These enforcement actions involve significant cash settlements and require pricing practice revisions to limit discretion in setting dealer markups. Notably, in the three most recent actions, each lender was specifically ordered to reduce dealer discretion to mark up the interest rate to only 1.00% to 1.25% (depending on the credit term) over the buy rate or to implement non-discretionary dealer compensation. In addition, the terms of the CFPB's consent orders indicate that the CFPB believes that policies that permit a discretionary dealer markup must be accompanied by a compliance management system reasonably designed to assure compliance with federal consumer financial laws, including the EOCA. Such a compliance management system should address written policies and procedures regarding variations from a standard markup, dealer education efforts, statistical monitoring of the portfolio and specific dealers for impermissible disparities, and corrective action when such disparities are detected.

Recent settlements in community bank actions brought by the DOJ and federal bank regulatory agencies have yielded smaller fines and/or payments, but similar findings and requirements to amend policies and procedures.

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Although the CFPB's direct regulatory authority generally does not extend to financial institutions with $10.0 billion or less in assets, the CFPB may include its own examiners in regulatory examinations by a community bank's federal bank regulatory agency. In addition, regulatory positions taken by the CFPB and administrative and legal precedents established by CFPB enforcement activities, including in connection with supervision of larger bank holding companies, could influence how the DOJ will handle referrals involving community banks from the federal bank regulatory agencies regarding consumer protection laws and regulations.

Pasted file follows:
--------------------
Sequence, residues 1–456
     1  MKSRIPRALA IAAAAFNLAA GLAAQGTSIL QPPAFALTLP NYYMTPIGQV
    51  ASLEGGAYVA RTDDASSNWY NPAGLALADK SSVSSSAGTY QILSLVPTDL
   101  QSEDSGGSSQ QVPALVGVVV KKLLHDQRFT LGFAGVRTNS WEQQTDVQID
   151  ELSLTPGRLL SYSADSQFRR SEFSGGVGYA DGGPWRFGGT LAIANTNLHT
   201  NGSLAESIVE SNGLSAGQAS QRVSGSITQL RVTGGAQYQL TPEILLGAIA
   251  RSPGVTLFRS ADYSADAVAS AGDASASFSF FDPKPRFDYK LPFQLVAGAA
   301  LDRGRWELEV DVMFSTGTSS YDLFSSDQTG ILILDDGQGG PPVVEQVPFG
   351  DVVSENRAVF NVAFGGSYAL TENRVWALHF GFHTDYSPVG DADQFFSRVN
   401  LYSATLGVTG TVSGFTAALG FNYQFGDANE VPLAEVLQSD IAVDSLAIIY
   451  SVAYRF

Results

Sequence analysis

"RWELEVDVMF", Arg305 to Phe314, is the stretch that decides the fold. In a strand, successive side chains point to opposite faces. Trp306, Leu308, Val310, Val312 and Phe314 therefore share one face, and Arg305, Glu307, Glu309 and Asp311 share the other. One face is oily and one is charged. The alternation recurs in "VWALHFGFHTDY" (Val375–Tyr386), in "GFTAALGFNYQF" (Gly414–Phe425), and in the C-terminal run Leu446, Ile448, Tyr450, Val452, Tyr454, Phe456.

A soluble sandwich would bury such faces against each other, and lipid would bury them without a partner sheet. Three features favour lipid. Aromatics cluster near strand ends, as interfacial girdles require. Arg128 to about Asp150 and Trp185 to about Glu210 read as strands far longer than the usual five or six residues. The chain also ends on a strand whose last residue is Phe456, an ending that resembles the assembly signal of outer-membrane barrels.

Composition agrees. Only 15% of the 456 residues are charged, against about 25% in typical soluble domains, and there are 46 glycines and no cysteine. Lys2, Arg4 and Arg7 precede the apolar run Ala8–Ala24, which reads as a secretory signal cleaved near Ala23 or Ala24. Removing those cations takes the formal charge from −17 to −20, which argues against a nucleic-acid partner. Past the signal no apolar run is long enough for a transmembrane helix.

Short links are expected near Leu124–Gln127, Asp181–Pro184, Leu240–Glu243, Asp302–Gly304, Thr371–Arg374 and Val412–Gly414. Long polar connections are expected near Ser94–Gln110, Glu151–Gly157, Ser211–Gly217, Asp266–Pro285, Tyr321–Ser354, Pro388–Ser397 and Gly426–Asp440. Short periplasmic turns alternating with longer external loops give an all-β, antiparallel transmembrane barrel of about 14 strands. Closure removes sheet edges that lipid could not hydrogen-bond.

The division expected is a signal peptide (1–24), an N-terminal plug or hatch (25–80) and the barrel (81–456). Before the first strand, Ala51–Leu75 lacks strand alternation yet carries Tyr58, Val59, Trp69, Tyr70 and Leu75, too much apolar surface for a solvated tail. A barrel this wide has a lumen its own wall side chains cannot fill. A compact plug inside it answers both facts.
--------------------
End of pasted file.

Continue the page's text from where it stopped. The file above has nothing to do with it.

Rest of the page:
Recent enforcement actions by the CFPB, federal bank regulatory agencies and DOJ are clear: the CFPB views discretionary dealer markups in connection with indirect auto lending as red flags for potentially impermissible discrimination under the ECOA. Given the factors discussed above, community banks should view discretionary dealer markups as a source of regulatory risk (particularly the more such markups are permitted to exceed the 1.00 to 1.25% markups permitted by recent regulatory orders) and should review their indirect auto lending policies with a view towards understanding and managing that risk.

The content of this article is intended to provide a general guide to the subject matter. Specialist advice should be sought about your specific circumstances.

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Authors
Alan D. Wingfield